Kim Jong-un Fears List of Nuclear Assets Could Spark U.S. Attack

  • By Kim Myong-song, Ahn Jun-yong

    November 07, 2018 12:13

    North Korean leader Kim Jong-un told President Moon Jae-in during a summit that submitting an inventory of his country's nuclear arsenal and facilities to the U.S. could spark an attack, national security adviser Chung Eui-yong said Tuesday.

    "Before trust is built up between the U.S. and North Korea, demanding that we give the U.S. a list of our fissile materials, nuclear weapons and delivery systems is the same as telling us to submit a list of targets for attacks," he quoted Kim as saying.

    Speaking at a National Assembly hearing, Chung added, "North Korea is aware that reporting a list of its nuclear weapons is a very important step toward denuclearization, but he feels the process must come after concrete measures are taken to build up trust by both sides."

    "We are continuing negotiations with related countries to ensure a declaration officially ending the Korean War within this year as promised and we are very open when it comes to the format," he said.

    North Korea has been pushing for such a declaration before it takes any further steps toward denuclearization, but Washington fears that this would rob it of a powerful negotiating card.

    The U.S. and North Korea are set to hold high-level talks in New York on Thursday. The U.S. State Department said in a statement on Monday that Secretary of State Mike Pompeo and Kim Yong-chol, vice chairman of the North's Central Committee of the Workers Party "will discuss making progress on all four pillars of the Singapore Summit joint statement, including achieving the final, fully verified denuclearization."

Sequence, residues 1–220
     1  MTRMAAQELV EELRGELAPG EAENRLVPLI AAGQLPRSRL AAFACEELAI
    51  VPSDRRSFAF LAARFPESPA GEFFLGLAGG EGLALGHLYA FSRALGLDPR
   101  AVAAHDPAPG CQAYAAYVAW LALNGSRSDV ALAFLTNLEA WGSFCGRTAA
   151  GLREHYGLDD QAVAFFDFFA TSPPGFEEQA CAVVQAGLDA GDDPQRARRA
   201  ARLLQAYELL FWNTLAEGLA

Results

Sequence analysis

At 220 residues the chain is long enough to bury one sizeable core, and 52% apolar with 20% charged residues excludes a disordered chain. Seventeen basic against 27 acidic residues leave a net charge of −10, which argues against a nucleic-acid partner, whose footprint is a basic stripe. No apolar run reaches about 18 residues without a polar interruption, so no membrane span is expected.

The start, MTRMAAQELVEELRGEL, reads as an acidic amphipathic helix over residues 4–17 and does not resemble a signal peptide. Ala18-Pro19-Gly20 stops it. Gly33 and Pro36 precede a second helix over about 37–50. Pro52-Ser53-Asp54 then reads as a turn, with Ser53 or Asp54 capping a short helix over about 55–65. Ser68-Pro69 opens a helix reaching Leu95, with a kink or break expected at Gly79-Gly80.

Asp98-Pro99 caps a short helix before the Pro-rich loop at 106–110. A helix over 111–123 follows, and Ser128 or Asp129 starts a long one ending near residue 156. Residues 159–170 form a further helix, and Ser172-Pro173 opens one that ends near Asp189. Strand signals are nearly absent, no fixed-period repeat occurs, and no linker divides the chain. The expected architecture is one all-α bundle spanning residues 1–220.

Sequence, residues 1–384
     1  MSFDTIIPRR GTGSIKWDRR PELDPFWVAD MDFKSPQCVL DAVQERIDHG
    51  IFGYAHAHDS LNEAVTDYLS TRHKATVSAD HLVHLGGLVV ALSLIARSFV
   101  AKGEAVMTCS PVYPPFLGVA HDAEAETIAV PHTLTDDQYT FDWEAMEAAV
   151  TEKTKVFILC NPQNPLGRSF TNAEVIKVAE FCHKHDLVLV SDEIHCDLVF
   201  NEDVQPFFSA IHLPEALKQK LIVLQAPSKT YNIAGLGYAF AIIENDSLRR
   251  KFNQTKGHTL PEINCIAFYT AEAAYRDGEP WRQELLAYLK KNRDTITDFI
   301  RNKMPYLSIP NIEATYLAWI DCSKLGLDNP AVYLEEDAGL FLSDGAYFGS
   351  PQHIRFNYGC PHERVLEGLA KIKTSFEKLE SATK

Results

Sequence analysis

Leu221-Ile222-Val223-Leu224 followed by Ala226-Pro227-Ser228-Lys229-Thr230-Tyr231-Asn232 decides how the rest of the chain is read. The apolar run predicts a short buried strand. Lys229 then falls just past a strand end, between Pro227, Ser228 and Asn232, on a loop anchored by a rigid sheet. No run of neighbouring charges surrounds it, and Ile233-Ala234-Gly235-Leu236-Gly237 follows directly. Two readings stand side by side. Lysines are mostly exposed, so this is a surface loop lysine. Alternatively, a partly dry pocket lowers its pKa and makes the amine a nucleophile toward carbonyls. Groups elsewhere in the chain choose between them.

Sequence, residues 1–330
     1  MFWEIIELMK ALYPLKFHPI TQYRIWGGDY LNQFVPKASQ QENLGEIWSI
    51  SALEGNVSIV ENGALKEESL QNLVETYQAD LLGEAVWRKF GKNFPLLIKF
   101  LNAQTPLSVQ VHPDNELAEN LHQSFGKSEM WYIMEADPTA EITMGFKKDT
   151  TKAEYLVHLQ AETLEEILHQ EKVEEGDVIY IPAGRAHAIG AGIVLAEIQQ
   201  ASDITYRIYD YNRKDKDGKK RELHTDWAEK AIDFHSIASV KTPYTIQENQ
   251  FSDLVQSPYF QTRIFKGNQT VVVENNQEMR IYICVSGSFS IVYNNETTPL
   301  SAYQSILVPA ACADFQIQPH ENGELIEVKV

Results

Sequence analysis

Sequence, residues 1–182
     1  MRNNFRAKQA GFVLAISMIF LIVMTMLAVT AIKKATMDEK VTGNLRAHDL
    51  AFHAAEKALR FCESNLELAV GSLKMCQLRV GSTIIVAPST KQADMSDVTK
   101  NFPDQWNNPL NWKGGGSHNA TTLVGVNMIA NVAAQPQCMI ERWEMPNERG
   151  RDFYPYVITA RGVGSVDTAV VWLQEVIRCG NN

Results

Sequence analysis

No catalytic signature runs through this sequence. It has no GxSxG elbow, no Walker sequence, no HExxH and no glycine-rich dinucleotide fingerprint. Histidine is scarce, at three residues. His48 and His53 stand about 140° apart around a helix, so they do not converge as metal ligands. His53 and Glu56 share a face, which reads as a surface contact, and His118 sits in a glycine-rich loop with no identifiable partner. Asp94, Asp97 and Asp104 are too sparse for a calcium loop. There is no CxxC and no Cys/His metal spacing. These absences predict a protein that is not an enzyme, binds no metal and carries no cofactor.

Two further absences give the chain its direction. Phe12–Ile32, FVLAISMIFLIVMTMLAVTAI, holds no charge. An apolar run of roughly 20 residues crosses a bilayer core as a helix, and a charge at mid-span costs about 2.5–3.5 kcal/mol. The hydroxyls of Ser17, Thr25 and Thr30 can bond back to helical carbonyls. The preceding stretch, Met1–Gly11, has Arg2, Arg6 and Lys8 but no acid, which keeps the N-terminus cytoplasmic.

Cheong Wa Dae spokesman Kim Eui-kyeom said, "We need to focus on the words 'four pillars' in the U.S. State Department statement." They are rather vaguely worded but include establishing a new U.S.-North Korean relationship, a peace framework on the Korean Peninsula, working toward complete denuclearization of the peninsula and the return of the remains of U.S. soldiers who died in the Korean War.

    "Until now, the sequence progressed backwards from the end of the list, but I believe the first two issues will also be discussed in earnest during the high-level talks," Kim said.

    Lately it has been pushing for verification of any inventory the North provides, which would put the focus on the inspection of the Punggye-ri nuclear test site and Tongchang-ri missile engine test facility the North has destroyed as well as the Yongbyon nuclear plant, which is still very active.

    Meanwhile, Kim Song-hye of the United Front Department and Ri Jong-hyok, vice chairman of the Asia-Pacific Peace Committee, will visit South Korea next week for a seminar in Gyeonggi Province discussing peace in the region, according to the Unification Ministry.

    Participants will urge Japan to admit guilt for the forced mobilization of Korean laborers to work in Japanese factories during World War II.

    Park Byung-kwang of the Institute for National Security Strategy in Seoul, said, "It appears to be an attempt to convey the North's thoughts and to gauge our stance at a time when progress in U.S.-North Korean relations has been disappointing."

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